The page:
Current Cybersecurity Best Practices – a Clear and Present Danger to Privacy
by Roger R. Schell
Not only is the effectiveness of current cybersecurity “best practices” limited, but also they enable and encourage activities inimical to privacy. Their root paradigm is a flawed reactive one appropriately described as “penetrate and patch”. Vigorous promotion encourages reliance on these flimsy best practices as a primary defense for private information. Furthermore, this paradigm is increasingly used to justify needlessly intrusive monitoring and surveillance of private information. But even worse in the long term, this misplaced reliance stifles introduction of proven and mature technology that can dramatically reduce the cyber risks to privacy.
Cybercrime and Privacy Issues - Introduction to the Special Theme
by Solange Ghernaouti-Hélie, Jens Tölle and Jean-Jacques Quisquater
44 years ago Charles P. Lickson in a well-known paper "Privacy and the computer age" (IEEE Spectrum, October 1968, pp. 58-63) began his abstract with the prediction “By the year 2000, Americans could have computers and robots in the home - and virtually no privacy”. Now, in 2012, we could say better “virtually no privacy and a lot of cybercrimes”.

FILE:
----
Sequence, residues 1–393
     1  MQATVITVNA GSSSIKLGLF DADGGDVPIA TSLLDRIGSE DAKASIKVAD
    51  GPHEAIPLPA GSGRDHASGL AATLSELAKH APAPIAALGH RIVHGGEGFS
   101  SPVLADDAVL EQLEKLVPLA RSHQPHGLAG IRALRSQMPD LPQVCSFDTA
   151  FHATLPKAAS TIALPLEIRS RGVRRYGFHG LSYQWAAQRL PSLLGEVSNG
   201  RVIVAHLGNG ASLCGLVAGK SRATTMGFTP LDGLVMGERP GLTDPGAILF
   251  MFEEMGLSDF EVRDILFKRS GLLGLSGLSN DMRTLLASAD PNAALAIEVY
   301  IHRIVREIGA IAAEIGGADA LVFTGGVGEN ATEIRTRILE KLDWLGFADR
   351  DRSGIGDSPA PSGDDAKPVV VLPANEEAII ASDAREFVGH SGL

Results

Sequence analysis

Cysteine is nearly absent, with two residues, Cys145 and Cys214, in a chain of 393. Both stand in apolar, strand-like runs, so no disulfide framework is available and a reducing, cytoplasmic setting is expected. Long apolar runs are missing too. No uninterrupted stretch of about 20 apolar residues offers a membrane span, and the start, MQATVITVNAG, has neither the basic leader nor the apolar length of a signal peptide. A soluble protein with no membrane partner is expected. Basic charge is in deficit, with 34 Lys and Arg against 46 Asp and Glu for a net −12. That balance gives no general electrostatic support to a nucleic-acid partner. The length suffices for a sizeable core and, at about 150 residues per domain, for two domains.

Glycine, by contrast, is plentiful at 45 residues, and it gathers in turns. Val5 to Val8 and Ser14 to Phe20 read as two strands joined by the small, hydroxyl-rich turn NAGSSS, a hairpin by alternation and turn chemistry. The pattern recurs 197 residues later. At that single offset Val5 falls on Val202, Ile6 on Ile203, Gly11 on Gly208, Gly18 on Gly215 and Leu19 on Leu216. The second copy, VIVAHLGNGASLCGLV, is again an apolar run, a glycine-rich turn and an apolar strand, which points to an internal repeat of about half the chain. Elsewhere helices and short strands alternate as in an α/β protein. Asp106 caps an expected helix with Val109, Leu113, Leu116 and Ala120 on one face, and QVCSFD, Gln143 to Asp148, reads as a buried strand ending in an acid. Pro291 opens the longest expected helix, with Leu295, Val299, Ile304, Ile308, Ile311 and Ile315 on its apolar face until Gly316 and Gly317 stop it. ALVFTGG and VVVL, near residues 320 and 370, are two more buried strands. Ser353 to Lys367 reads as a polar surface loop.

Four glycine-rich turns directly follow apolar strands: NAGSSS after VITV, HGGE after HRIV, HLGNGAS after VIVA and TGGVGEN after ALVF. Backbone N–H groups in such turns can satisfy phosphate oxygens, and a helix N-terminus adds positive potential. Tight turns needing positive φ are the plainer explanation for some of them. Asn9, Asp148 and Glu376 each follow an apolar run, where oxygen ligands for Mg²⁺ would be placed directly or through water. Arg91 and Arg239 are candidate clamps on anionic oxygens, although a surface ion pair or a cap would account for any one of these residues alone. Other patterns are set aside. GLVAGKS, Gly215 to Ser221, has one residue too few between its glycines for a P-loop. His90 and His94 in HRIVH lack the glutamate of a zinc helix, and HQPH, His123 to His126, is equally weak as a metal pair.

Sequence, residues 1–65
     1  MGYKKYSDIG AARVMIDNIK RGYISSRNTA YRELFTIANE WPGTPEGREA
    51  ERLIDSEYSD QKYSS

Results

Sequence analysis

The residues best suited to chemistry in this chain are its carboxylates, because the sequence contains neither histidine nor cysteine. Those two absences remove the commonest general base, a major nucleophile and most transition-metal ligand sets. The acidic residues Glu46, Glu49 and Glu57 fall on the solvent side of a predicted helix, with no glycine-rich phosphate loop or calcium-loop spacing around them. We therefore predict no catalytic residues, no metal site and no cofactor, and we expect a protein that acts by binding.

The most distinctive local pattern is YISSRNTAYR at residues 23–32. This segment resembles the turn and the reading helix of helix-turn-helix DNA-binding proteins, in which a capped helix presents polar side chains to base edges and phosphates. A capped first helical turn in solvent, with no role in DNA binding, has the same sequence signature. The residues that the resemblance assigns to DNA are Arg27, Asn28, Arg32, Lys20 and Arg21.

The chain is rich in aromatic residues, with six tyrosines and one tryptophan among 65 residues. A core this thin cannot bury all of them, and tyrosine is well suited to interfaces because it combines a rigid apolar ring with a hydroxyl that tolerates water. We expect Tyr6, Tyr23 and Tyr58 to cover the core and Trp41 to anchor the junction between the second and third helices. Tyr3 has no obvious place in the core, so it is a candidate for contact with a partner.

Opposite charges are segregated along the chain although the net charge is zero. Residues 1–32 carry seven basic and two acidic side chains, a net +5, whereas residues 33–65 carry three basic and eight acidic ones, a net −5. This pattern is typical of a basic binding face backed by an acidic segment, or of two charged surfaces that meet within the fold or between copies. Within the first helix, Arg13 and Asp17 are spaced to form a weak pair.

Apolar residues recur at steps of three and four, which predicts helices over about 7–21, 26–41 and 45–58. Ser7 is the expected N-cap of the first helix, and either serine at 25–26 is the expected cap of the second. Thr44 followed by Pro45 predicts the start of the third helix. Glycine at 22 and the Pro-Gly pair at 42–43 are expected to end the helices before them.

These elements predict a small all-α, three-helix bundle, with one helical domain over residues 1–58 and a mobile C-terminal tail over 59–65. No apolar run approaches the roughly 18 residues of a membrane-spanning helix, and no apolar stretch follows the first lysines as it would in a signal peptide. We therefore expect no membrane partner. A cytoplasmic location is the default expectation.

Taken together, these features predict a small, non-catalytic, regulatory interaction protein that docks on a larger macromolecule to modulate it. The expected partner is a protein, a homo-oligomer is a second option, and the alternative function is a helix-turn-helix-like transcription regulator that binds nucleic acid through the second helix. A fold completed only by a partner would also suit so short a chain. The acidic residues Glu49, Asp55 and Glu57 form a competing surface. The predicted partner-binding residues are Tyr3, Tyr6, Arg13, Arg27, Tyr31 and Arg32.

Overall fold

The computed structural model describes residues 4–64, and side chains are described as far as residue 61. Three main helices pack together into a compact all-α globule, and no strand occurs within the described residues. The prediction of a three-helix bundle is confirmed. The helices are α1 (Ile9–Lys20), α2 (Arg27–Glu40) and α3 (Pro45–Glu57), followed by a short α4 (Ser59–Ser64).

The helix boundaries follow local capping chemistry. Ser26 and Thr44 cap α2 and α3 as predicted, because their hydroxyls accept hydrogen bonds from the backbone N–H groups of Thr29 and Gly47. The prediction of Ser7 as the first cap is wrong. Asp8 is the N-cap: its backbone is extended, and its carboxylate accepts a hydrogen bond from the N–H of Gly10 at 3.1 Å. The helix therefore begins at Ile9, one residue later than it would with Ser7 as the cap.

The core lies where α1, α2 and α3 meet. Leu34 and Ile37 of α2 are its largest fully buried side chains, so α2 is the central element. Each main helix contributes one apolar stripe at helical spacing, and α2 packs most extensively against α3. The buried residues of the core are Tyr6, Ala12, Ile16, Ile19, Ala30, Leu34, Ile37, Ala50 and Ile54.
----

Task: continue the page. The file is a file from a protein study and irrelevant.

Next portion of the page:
Cybercriminality has become a curse of society that affects everybody, nationally and internationally. Individuals, companies, institutions and governments may both become victims as well as (involuntary) helpers of cyber criminals. Inextricably associated with cyberspace, it is a reflection of the evolution of criminal practices that have adapted to the world of information and communication technologies.